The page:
BEFORE PATTERSON, C.J., BOWLING & DAN LEE, JJ.
PATTERSON, CHIEF JUSTICE, FOR THE COURT:
A. V. Durr was convicted in the First Judicial District of Harrison County of attempted burglary and sentenced to serve a term of ten (10) years in the custody of the Mississippi Department of Corrections.
On appeal Durr contends the indictment was fatally defective in that it failed to allege he committed an overt act toward the commission of the offense of attempted burglary.
We note first that the trial court had no opportunity to rule on this issue, as it was not presented at any point during the trial. This fact is stated for the sake of fairness to the trial court; legally, however, Durr's failure to demur to the indictment does not constitute a waiver. Copeland v. State, 423 So. 2d 1333 (Miss. 1982); Brewer v. State, 351 So. 2d 535 (Miss. 1977).
Because the omission in the indictment of an essential element of the crime charged is not waived by failure to
demur, we turn to the question of whether the indictment was in fact defective. The charging part of the indictment is set out in pertinent part:
That A. V. Durr . . . on or about . . . in . . . did then and there unlawfully . . . and burglariously attempt to break and enter the dwelling of . . . with the felonious intent to . . . feloniously take, steal and carry away the goods . . . in said building . . . but was prevented from accomplishing his felonious design contrary to the form of the statute . . . and against the peace and dignity of the State of Mississippi.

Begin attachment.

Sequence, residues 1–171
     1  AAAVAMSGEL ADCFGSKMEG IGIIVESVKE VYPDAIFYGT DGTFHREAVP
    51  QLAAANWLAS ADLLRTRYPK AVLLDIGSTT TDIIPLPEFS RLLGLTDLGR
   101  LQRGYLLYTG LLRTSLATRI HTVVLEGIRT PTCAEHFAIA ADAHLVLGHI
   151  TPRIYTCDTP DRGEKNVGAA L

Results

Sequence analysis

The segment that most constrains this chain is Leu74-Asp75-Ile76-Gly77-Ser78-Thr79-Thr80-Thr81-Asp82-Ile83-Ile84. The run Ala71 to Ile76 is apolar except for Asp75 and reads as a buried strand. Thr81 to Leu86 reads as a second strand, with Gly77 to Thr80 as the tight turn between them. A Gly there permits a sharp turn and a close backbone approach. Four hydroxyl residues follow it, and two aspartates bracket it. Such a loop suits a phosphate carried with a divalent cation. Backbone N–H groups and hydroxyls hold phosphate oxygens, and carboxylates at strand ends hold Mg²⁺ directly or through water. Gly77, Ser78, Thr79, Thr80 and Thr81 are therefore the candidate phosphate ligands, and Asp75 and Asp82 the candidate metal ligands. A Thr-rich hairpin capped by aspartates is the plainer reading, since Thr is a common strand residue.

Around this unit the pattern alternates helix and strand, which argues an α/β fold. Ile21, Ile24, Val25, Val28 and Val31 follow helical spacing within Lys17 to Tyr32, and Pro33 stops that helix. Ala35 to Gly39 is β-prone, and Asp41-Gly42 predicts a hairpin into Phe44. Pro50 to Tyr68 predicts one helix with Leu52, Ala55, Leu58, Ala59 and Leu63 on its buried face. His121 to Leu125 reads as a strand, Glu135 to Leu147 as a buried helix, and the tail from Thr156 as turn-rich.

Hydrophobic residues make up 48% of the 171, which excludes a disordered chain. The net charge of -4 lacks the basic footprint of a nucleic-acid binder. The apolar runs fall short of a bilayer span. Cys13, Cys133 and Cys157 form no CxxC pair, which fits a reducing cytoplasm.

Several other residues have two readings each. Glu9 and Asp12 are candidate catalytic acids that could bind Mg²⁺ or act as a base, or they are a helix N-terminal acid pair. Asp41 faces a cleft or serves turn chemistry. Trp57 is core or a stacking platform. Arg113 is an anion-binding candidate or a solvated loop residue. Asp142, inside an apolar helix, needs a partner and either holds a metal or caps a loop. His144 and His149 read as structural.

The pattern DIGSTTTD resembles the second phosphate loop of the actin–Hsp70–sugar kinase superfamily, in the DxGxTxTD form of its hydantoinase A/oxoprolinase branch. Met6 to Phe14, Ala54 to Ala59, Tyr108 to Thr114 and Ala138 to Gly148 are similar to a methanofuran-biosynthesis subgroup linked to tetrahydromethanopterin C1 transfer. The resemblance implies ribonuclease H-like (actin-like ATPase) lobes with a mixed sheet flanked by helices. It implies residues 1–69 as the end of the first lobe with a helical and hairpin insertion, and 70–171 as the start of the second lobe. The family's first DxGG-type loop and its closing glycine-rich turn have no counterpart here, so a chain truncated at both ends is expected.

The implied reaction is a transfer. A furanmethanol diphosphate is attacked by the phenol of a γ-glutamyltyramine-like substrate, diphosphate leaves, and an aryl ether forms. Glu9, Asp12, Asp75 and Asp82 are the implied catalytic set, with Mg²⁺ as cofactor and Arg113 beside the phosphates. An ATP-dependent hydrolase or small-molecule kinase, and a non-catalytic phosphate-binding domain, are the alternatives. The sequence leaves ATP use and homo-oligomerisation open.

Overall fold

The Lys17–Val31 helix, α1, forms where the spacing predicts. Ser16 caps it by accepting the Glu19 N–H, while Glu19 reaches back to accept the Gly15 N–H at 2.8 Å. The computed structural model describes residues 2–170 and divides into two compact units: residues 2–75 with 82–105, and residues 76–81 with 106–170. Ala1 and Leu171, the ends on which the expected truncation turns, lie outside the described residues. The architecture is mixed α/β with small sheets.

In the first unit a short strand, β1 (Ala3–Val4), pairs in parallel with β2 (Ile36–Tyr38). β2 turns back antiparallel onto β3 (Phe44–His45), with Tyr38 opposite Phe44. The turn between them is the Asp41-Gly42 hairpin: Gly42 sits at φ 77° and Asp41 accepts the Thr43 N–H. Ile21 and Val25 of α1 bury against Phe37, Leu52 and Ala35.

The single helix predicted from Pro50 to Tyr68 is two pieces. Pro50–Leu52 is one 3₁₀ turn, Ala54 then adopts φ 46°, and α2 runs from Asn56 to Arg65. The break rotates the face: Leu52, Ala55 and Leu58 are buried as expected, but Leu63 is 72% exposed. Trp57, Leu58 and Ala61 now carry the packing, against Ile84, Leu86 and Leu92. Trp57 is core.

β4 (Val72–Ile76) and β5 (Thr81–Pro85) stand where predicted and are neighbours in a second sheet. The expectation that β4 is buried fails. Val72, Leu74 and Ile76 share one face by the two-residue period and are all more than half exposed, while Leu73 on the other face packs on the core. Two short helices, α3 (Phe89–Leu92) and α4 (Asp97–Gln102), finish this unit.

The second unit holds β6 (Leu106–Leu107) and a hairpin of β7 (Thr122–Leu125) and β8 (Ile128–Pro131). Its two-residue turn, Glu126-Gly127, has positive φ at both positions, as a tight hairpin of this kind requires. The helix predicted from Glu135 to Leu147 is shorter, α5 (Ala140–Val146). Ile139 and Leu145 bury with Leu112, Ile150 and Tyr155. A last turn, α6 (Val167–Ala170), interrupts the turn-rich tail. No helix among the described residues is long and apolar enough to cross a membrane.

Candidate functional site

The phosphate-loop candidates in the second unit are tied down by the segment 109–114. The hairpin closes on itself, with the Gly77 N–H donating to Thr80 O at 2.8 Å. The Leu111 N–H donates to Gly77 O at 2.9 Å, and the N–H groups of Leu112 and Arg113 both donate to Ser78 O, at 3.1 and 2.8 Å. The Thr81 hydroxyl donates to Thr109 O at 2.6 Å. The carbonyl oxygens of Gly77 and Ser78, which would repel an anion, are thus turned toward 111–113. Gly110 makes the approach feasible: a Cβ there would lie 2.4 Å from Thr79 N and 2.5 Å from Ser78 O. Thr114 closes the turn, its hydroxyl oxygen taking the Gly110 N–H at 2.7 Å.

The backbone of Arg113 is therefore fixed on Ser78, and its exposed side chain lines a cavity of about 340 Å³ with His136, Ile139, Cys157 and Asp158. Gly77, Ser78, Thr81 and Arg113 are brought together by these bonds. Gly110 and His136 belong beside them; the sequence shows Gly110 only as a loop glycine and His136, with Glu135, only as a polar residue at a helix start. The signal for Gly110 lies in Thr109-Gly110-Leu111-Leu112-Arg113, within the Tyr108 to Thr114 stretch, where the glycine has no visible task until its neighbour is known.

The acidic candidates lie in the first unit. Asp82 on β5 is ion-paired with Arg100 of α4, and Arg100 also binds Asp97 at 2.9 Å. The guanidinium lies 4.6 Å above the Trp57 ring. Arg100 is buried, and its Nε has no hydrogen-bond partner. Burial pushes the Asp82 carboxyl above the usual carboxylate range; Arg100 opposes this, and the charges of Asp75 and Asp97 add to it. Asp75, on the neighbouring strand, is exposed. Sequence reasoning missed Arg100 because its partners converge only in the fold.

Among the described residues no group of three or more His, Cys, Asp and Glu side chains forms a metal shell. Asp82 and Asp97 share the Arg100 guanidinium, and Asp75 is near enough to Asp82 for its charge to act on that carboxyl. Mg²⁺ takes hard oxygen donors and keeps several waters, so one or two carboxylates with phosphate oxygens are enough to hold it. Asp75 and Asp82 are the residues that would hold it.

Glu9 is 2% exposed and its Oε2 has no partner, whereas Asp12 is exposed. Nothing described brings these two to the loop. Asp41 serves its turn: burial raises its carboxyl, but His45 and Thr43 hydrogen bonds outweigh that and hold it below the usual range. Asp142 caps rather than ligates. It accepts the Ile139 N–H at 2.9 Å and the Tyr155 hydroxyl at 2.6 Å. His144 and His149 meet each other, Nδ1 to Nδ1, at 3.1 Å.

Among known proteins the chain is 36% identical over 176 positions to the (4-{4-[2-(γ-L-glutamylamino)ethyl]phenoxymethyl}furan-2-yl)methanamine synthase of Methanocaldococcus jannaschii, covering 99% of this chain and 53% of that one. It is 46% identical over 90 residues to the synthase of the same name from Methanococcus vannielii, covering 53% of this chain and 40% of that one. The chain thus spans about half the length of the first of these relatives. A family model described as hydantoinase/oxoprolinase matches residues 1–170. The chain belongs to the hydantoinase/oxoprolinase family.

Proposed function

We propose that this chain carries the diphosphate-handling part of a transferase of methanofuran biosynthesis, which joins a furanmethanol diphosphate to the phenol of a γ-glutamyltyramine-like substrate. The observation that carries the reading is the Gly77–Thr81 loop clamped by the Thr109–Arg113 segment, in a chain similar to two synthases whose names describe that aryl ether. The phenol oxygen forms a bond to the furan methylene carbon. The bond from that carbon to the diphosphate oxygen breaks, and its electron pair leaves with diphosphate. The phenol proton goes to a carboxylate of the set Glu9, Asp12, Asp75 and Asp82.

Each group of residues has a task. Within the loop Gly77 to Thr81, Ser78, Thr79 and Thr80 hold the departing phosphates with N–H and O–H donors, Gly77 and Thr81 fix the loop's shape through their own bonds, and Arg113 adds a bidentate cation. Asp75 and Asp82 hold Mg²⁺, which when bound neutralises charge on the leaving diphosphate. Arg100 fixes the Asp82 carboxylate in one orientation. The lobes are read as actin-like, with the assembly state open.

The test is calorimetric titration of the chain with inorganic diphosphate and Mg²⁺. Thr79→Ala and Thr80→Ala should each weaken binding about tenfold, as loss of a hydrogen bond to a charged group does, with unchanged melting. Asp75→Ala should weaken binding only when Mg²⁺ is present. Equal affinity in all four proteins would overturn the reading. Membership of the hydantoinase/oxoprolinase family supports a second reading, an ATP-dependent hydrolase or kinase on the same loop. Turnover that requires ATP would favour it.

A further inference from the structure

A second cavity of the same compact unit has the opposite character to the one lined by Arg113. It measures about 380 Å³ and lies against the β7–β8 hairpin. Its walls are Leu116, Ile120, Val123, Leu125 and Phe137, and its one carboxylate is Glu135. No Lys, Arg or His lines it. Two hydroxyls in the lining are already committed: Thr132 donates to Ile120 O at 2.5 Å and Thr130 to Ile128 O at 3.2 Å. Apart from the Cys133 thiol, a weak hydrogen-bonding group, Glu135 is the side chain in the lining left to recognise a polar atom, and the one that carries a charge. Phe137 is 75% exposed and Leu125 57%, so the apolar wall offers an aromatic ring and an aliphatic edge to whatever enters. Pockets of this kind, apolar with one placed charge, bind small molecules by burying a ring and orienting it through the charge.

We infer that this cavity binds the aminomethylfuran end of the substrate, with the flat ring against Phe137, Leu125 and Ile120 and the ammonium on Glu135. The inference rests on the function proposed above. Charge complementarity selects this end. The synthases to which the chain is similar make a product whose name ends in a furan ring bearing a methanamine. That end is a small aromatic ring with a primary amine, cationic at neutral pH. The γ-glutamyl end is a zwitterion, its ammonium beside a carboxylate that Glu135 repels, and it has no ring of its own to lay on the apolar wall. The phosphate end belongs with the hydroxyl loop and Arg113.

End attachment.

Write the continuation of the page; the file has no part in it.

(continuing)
Absent from this language is any allegation that Durr performed an overt act toward the commission of the offense charged. We have held that indictments under Mississippi Code Annotated, 97-1-7 (1972), the general attempt statute, must set forth an overt act toward the commission of the offense. Murray v. State, 403 So. 2d 149, 152 (Miss. 1981); Maxie v. State, 330 So. 2d 277 (Miss. 1976).
The rationale for this rule was stated in Burchfield v. State, 277 So. 2d 623, 625 (Miss. 1973):
. . . It has long been the law of this land that an accused person has a constitutional right to be informed of the nature and material elements of the accusation filed against him. All the authorities are to the effect that an indictment, to be sufficient upon which a conviction may stand, must set forth the constituent elements of a criminal offense. Each and every material fact and essential ingredient of the offense must be with precision and certainty set forth. . . .
Because an essential ingredient of the offense is missing from the indictment, it failed to charge a crime and is void.
The judgment of the trial court is therefore reversed and the appellant is remanded to the custody of the sheriff of Harrison County, Mississippi, to await action of the next grand jury.
REVERSED; APPELLANT REMANDED TO THE CUSTODY OF THE SHERIFF OF HARRISON COUNTY TO AWAIT ...